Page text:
Mostly it was all action packed. Marin’s world is thrown into chaos when a handsome stranger breaks into her apartment demanding information on her mother. Something that was supposed to have happened didn’t and as a result people are being killed. Marin is stunned and furious, and with the stranger, Asher, by her side sets off to confront Marlow about what happened.

 

She’s shocked at the revelations and she and Asher decide to try and put things right and stop the killings. The supernatural beasties Marin is hunting are getting stronger, she’s feeling pain when she shouldn’t and it could all be a result of what went wrong many years ago. She gets help from witchy Oona and Quinn appears a few times saving her butt and becomes part of the group who work to find the bad guy and solve the mystery.

 

Of course, Marin is starting to develop feelings for Asher and finds herself getting closer again with Quinn, trying to understand why their relationship failed – something to do with something that’s been ingrained into Marin about Valkyries and love and how it never works. So Marin is struggling to come to terms with her feelings on top of this manhunt for a bad guy getting nastier and stronger as the time goes by.

 

A surprise death half way through doesn’t help at all.

 

 

A surprising twist at the end as well, as it turns out the bad guy they’re hunting is small fries and there’s an even bigger bad on the way. Left at cliff hanger of course.

(spoiler show)

 

 

Not particularly moving, while the world building wasn’t brilliant (in my opinion) it was interesting and it’s been a long time since I’ve found a paranormal adventure I’ve liked so much. Decent characters, and a fun read.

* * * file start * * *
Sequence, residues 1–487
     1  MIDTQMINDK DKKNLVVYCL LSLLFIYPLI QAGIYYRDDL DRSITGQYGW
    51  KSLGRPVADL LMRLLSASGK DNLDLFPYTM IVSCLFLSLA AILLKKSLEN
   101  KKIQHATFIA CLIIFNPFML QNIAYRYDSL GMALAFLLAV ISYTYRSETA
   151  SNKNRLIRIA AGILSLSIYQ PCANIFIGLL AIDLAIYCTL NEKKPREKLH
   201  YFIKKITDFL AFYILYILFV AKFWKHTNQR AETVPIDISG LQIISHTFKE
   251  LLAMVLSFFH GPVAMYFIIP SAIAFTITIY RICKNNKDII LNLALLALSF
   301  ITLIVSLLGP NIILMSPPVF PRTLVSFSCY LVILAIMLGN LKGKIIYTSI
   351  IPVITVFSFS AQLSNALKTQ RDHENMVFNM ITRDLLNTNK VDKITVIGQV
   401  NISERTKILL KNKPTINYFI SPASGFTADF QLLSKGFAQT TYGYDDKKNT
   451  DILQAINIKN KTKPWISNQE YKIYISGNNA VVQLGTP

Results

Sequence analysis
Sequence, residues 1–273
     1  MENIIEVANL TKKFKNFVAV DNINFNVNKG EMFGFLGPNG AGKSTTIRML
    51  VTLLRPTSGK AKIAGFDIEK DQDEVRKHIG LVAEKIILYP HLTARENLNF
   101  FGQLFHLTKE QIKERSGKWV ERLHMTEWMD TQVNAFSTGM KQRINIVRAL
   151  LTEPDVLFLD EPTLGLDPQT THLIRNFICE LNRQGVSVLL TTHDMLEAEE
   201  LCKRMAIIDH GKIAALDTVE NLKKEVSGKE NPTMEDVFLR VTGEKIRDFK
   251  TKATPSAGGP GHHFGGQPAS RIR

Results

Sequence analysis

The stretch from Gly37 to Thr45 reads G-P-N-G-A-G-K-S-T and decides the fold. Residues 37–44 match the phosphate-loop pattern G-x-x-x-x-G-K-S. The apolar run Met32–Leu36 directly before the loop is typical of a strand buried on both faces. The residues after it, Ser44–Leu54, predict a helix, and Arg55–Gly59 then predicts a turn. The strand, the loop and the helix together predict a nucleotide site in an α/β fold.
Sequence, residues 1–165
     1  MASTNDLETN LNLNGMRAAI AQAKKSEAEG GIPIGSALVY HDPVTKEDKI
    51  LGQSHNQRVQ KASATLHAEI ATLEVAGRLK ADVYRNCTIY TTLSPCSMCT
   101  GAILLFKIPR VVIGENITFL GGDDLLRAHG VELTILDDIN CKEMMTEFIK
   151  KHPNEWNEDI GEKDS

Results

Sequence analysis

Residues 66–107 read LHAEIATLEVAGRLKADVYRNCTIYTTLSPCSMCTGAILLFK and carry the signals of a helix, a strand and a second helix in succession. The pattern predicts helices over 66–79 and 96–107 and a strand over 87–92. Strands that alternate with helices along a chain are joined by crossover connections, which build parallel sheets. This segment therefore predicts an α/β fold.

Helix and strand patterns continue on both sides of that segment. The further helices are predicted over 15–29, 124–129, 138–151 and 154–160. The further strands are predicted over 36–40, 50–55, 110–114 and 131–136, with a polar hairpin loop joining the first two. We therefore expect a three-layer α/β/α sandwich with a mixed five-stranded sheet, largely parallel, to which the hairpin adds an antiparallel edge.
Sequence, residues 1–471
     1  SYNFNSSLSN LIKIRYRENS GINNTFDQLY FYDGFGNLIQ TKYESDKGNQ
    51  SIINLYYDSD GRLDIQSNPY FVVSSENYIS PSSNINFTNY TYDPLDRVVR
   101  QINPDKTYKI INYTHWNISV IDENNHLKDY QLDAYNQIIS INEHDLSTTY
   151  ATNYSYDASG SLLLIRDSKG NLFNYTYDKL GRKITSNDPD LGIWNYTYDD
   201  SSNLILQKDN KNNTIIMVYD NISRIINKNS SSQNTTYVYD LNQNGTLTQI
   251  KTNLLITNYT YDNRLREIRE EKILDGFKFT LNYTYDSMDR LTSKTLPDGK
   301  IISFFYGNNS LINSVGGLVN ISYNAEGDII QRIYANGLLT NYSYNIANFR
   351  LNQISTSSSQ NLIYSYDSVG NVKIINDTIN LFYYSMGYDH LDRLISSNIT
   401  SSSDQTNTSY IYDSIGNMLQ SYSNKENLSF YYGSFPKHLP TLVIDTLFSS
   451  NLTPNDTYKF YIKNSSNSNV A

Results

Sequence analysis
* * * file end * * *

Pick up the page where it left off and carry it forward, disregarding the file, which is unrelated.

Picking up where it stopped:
Looking forward to the next one in the duology.

 

Thank you to Netgalley and Pan McMillan for approving my request to view the title.

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review 2018-03-07 08:41
Spells and Scones (Magical Bakery, #6)
Spells and Scones - Bailey Cates

Eh.  I generally enjoy Bailey Cates' writing, but a few of my least favorite tropes were trotted out for this one:  the relationship crossroads; the ex's last ditch effort (which was SO transparently meant to give Steve an HEA) at reconciliation; the jealousy bit with Mungo the dog... eh.

 

The mystery plotting  didn't light up my disco ball either. It wasn't bad, but it wasn't great; too few clues and a reliance on the 'lightbulb' moment at the very end.  Reading Golden Age mysteries is ruining my mediocre tastes.

 

Still, a relaxing enough read when one's brain has been overtaxed in real life.

 

 


This book qualifies for the Murder Your Darlings Scene of the Crime card:  Gryffindor Common Room.  This was one of the crime scenes identified by Nighttime Reading Center in the Green Game Round, so worth 10 points for my team (Themis-Athena, Lillelara and myself).

 

My misunderstanding of the rules left me with this book unused, so I'm using it for the Suspect: Jane Austen cards.  (Alliterative Title)